Abu Dhabi: Smaller producers within Opec are expected to toe the line of bigger oil producers like Saudi Arabia in maintaining output, despite their economies facing severe difficulties due to the drop in global oil prices.
“There is big division within Opec among groups of countries. The economies of some countries like Nigeria, Venezuela and Algeria are strained right now. But I don’t think that gives them the capital to be able to pressure for any king of change in production policies within Opec,” said Edward Bell, a commodity analyst at Emirates NBD.
He said a number of smaller producers had become overly dependent on oil as a source of revenue, when prices were high, and did not make efforts to diversify their economies.
“Even if the price trades at $50 [Dh183] it’s still going to be quite a while before you have any kind of changes or reforms in lot of these economies that can accommodate these lower oil prices. The prices are not going to rally much beyond where they are now,” he added.
“Even Gulf producers are under pressure due to drop in oil prices but they have cash reserves to overcome the problem.”
The economies of oil producers like Venezuela, Nigeria and Algeria have been badly hit by the oil price drop.
Venezuela is in the grip of civil unrest and the revenues of Nigeria and Algeria have been dwindling over the past two years.
According to International Monetary Fund (IMF) Nigeria’s oil and natural gas exports earned $52 billion in 2015, $35 billion less than in 2014, which is mostly attributed to the fall in oil prices.
Venezuela, one of the largest producers of oil in the world, is the worst affected. With oil accounting for 95 per cent of the country’s export earnings, plummeting world prices have sent the South American economy reeling towards collapse.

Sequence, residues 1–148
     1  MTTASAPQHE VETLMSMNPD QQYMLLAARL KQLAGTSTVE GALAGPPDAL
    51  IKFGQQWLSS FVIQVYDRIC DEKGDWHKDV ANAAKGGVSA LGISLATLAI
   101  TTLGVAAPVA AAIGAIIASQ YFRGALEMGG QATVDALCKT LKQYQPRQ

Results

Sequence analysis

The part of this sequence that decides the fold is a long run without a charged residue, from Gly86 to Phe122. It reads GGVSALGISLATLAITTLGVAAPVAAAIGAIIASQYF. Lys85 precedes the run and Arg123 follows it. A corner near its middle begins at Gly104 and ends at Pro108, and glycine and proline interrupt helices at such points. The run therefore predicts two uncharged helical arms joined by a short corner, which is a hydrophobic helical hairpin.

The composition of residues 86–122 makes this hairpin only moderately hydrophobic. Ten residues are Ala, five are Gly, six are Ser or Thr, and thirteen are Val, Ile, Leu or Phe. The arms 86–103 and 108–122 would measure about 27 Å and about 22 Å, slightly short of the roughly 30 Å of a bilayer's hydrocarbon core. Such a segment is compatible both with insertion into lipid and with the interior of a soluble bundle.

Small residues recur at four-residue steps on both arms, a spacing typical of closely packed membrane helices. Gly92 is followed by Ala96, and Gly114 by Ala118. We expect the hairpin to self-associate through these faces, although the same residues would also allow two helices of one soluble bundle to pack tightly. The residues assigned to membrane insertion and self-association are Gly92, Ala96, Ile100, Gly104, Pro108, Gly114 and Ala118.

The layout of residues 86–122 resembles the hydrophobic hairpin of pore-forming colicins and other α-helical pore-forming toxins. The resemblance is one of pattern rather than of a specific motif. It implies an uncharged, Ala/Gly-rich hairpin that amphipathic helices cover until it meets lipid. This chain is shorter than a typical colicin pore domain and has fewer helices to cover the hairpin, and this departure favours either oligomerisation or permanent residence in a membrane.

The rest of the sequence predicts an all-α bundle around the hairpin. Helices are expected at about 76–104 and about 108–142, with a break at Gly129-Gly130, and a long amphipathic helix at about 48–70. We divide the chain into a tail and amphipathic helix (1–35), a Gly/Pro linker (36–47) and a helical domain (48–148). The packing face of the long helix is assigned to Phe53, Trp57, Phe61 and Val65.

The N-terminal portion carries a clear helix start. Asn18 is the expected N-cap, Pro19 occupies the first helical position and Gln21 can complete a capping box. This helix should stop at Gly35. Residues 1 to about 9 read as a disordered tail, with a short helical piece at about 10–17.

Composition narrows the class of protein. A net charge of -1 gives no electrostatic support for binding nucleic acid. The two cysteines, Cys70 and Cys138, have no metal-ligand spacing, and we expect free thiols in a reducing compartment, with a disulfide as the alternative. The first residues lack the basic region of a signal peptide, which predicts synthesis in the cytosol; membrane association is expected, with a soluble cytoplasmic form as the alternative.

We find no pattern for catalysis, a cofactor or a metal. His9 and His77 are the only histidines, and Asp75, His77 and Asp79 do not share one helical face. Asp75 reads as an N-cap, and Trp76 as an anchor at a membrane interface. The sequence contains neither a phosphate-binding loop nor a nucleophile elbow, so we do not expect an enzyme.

People are going hungry and inflation has spiralled out of control, media reports have said. A number of airlines have suspended their operations as the economic situation deteriorates.
“The reduction in revenue will merely exacerbate the underlying discontent,” said Justin Dargin, an energy expert at the University of Oxford.
“We can expect social unrest in some of the other Opec countries, such as Venezuela, Nigeria, Iraq, and perhaps Algeria. However, these countries have already had numerous economic and political issues percolating even before the oil price decline.”
According to him, there is less urgency among Opec members for a production freeze to be implemented as oil prices inch upward.
“There is already a de facto export reduction due to peak demand season in many Opec member countries, as well as many consuming countries. Therefore, over the summer months, we can see a gradual strengthening of the price floor.”
Opec meeting will take place in Vienna on Thursday. Analysts said no deal is expected at the meet.